We’ve landed, Houston

I’m hanging in there, ever so fervently.

Sometimes things get worse before they get better.  Unfortunately, I had no choice but to fly to Houston for my clinical trial compared to getting it done at UCLA yet.  Time is of the essence and there is about 82% leukemia blasts in my body.

As soon as I landed in Houston, I went to MD Anderson the following day for what begins as a consult.  What actually ended up was a rude awakening.  Since then I had 22 vials of blood extracted for testing, two bone marrow biopsies, and a lumbar puncture performed on me within two days–along with intrathecal chemotherapy as prophylaxis to prevent leukemia from spreading all over my central nervous system.

It’s been extremely taxing on my body and I couldn’t hold a couple tears back when the physician assistants and nurse practitioners accidently hit a couple of nerves with the needle. It’s not their fault, but it was a purely physical response to the pain. Luckily, a nurse originally from Mississippi held my hand the enter time; it helped to have a sense of human touch to such a medieval process as the lumbar puncture (otherwise informally referred to as the spinal tap).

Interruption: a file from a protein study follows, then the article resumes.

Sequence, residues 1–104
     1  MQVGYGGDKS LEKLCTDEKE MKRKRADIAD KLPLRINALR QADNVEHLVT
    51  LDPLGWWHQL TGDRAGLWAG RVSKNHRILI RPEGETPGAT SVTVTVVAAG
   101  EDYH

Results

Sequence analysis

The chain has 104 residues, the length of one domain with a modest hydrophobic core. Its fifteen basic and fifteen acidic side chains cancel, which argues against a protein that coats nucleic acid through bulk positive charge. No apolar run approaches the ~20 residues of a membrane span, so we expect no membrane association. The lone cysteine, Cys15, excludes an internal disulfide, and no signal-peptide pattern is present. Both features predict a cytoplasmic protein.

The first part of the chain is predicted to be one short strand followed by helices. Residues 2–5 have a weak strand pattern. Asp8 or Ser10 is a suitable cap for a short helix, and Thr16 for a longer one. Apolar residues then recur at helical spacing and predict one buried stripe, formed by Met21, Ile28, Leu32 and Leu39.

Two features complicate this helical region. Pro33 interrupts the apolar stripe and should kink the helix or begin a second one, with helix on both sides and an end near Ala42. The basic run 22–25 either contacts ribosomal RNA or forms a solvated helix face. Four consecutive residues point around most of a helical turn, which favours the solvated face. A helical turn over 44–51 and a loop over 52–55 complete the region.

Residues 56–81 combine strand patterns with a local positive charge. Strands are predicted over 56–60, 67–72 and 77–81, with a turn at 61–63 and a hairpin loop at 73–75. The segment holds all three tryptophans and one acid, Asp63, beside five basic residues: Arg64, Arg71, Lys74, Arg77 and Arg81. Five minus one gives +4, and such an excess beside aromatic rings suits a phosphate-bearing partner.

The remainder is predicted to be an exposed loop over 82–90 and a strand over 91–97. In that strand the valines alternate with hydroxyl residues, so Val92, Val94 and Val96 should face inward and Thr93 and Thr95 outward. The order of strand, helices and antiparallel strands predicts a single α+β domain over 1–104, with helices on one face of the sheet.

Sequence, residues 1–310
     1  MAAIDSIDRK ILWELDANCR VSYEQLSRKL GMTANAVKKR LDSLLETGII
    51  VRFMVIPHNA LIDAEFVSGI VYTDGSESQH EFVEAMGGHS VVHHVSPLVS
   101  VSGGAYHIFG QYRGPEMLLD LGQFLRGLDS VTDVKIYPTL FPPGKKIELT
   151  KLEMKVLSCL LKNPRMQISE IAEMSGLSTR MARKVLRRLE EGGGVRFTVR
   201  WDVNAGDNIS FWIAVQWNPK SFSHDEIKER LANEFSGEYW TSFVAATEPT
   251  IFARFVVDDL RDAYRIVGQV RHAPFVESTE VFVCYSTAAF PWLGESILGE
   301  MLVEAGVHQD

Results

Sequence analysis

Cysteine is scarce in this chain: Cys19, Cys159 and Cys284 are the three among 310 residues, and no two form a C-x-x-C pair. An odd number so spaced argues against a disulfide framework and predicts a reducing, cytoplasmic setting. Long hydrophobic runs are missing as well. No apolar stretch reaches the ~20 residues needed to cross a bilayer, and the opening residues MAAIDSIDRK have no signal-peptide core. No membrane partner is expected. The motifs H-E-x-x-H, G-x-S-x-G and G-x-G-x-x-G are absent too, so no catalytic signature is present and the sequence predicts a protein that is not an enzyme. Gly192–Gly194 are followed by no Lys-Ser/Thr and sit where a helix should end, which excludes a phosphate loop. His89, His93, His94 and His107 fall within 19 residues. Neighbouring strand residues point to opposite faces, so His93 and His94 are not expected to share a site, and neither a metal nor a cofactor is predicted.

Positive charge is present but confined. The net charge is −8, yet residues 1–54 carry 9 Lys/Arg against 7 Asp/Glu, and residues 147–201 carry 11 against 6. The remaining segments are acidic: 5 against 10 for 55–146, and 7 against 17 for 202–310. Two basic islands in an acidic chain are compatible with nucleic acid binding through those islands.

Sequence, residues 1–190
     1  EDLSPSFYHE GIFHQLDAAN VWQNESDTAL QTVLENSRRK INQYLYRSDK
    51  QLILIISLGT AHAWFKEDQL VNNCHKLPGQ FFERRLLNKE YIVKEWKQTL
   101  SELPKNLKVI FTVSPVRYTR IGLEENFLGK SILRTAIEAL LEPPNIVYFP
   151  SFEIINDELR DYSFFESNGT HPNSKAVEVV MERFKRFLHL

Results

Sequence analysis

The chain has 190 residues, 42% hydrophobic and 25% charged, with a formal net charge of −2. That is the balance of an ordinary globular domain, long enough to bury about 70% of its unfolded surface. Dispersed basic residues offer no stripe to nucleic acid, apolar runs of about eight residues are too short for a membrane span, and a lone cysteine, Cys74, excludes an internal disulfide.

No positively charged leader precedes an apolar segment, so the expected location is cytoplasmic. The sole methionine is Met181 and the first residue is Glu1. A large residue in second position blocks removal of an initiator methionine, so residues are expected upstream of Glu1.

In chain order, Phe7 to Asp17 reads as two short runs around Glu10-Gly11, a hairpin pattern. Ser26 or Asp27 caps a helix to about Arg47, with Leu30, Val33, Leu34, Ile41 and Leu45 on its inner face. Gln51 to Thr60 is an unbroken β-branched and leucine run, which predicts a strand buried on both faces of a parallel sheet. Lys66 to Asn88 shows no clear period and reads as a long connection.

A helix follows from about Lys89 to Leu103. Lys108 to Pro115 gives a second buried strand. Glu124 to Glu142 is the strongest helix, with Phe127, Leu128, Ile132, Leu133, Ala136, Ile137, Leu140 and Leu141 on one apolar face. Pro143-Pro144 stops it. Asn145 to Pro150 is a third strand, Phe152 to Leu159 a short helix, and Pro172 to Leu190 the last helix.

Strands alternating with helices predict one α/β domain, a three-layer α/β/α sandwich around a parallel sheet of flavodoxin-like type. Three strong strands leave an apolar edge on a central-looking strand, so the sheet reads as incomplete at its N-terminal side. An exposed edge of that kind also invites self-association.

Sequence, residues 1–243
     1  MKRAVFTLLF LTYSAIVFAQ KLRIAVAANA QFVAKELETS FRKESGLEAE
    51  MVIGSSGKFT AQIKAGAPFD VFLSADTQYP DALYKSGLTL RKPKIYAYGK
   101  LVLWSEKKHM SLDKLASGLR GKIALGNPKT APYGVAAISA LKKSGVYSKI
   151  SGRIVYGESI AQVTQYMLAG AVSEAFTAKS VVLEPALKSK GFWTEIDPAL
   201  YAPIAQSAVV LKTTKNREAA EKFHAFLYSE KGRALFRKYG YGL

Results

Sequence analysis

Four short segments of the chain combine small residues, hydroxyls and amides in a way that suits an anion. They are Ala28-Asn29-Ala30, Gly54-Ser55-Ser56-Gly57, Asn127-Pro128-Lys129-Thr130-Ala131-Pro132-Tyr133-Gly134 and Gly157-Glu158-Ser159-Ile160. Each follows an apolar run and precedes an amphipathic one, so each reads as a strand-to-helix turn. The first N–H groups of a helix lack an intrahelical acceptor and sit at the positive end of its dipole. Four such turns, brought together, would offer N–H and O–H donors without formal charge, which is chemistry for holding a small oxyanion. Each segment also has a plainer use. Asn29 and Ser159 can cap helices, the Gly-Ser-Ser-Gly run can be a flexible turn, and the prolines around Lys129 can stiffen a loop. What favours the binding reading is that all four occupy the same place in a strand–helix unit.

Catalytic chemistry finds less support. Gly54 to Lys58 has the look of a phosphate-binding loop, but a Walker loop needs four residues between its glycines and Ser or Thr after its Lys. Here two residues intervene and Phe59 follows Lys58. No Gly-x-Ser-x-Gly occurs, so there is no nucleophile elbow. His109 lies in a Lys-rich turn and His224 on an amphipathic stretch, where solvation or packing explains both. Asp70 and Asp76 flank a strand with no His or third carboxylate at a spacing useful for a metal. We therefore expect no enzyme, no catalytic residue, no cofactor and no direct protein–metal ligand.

MD Anderson has been nothing, but impressive though. I’m supposedly in good hands, and it’s been ranked as the #1 cancer center in the nation according to U.S. News. But is that based on their funding, research, primary care, or … survival outcomes? I hope it’s the latter, because this is my last shot to go into remission.

This will be the third salvage to rescue me from leukemia.  The first two salvages did not work and barely removed any of the harmful blasts in my body.  As a result, this trial will utilize a drug call blinatumomab. It’s composed of anti-cancer properties that engage the T-cell antibodies to attack and destroy my unhealthy lymphoblasts. Specifically, it’s been designed to target the CD-19 and CD-22 protein located on the surface.